Everybody seemed to be highly pleased with the new edifice, especially its churchly and dignified interior. The architecture is extremely Gothic in design. The stained glass windows admit a subdued and mellow light, blending harmoniously with the oak furniture and other hard wood finish. Within the deep chancel-recess is the beautiful massive altar of oak, a high reredos surmounting it. The super-altar contains the gilded cross with gilded candlestick on each side. To the front and right of the altar is the lectern, to the left the pulpit. To the right of the altar inside the chancel is the pipe-organ, of excellent mechanical construction and sweet musical tone. Back of the chancel are excellently appointed ante-rooms, from which the choir and pastor enter the main auditorium for their respective places. The basement is furnished for church sociables. The entire investment amounts to $4,100. The fact that the structure was built in the time of a severe financial panic accounts for its cheapness.

On July 3, 1898, Holy Communion was celebrated by the congregation for the first time. Forty-eight of the fifty-two who communed expressed themselves desirous of becoming members of the new organization. This included the catechetical class of fifteen young persons. The first confirmation was that of Bertha Estella S. Lutz, on July 1, 1898. The first person to receive Holy Communion was Mrs. William K. Adam. The first baptism in the church took place on July 10, 1898, the child being Arthur Peter Hafer; also, at the same time, Jennie Ellen Nein. The first funeral service conducted in the church was that of William D., a seven-year-old son of Milford H. Hein, on Dec. 29, 1898.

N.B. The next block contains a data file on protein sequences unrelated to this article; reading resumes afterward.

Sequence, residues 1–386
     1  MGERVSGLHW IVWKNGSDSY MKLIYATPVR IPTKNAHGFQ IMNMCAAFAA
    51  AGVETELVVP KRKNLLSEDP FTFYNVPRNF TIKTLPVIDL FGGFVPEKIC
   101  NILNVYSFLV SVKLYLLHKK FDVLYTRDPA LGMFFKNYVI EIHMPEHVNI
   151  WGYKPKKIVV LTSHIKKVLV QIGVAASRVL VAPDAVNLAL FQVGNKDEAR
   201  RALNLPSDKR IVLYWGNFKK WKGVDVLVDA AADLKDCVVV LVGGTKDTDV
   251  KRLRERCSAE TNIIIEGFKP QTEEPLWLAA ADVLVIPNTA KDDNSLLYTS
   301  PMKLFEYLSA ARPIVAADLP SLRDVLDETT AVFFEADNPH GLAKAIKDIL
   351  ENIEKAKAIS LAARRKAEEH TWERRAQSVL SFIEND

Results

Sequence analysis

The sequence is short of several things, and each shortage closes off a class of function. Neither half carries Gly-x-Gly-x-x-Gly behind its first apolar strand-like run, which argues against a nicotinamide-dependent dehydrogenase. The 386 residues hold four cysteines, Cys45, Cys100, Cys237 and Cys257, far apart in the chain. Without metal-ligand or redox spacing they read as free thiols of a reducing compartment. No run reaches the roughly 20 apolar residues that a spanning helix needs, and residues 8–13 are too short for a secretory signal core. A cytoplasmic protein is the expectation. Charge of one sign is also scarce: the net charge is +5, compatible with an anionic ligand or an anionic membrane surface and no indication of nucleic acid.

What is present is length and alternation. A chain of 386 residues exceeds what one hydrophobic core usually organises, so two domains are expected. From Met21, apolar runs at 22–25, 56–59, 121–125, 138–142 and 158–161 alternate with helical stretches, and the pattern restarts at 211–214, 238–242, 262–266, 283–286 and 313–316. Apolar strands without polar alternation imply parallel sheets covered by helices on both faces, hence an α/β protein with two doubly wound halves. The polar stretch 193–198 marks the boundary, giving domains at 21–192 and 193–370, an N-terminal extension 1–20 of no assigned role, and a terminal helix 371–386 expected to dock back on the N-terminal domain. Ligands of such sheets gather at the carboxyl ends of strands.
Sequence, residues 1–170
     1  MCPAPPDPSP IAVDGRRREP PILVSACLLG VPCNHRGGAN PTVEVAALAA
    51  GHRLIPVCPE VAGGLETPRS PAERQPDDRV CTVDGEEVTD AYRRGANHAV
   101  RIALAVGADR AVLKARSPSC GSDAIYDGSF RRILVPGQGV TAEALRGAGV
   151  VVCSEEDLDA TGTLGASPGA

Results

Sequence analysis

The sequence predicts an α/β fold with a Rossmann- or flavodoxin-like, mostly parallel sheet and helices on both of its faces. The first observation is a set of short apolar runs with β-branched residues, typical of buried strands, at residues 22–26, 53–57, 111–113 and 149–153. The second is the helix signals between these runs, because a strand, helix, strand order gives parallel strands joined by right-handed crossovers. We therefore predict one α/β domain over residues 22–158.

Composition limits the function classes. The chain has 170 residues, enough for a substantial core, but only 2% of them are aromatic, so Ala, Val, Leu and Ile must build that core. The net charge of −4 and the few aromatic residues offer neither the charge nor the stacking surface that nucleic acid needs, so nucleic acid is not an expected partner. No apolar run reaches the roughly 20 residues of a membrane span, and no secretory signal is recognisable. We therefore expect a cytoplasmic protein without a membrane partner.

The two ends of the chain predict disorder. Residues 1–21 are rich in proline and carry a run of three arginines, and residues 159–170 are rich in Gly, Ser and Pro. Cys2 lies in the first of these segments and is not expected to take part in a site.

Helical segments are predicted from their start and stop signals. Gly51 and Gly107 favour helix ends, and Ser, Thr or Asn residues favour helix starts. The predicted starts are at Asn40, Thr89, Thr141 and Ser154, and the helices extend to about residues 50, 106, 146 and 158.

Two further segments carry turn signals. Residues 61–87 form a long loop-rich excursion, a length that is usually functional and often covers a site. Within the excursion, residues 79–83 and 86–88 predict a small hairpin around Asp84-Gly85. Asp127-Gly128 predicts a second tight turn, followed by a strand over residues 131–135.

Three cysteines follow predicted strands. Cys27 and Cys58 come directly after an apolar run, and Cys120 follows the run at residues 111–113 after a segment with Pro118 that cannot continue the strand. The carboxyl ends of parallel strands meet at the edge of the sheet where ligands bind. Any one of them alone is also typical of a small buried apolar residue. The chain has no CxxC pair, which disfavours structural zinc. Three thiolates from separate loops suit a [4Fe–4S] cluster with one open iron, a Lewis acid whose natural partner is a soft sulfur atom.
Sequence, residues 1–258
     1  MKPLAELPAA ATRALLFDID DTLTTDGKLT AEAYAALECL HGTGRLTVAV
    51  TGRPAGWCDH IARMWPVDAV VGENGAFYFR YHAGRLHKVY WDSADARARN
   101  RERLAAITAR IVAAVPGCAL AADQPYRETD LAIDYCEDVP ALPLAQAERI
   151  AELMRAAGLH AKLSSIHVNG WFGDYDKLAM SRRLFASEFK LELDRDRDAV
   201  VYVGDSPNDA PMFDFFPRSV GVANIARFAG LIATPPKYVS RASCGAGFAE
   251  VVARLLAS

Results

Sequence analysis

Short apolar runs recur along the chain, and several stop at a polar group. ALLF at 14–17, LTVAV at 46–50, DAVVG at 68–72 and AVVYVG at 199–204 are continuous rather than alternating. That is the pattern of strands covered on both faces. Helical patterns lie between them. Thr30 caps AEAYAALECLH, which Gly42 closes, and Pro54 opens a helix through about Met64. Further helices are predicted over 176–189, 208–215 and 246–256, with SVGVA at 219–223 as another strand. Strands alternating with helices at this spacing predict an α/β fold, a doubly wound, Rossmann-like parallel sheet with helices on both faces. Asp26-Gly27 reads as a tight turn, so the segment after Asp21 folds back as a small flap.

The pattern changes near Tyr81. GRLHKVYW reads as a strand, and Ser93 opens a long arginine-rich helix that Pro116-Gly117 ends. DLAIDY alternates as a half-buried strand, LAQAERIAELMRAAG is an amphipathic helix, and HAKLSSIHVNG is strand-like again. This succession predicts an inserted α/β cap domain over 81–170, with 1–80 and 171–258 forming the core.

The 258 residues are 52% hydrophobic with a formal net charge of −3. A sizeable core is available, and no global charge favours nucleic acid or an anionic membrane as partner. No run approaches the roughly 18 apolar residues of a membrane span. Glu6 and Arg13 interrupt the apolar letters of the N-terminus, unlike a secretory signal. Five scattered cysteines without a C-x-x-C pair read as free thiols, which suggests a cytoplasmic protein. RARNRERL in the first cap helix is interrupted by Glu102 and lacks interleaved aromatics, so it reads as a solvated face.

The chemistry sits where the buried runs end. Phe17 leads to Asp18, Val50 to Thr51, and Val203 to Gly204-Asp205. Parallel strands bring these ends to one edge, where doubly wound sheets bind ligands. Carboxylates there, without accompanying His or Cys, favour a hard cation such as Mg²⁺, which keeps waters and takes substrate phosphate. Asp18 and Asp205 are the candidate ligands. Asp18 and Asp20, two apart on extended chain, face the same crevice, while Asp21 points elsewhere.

On June 4, 1905, the second graduating class of the Mt. Penn borough school came to this church in a body and the pastor preached the baccalaureate sermon from I Tim. 4:12. The commencement exercises of this class were held in the church on June 16, 1905. The first class, that of 1904, had its commencement exercises, and without a sermon, in the school-house.

In October, 1898, a missionary society was organized, and on Oct. 7, 1902, an active Ladies' Aid Society was organized, which proved its usefulness by contributing its funds toward liquidating the indebtedness incurred by the erection of the church edifice. The Sunday-school paid the interest on the necessary loan, also money toward the liquidation of the church debt. The congregation, small as it is, nevertheless has had years during which from all sources $750 were contributed.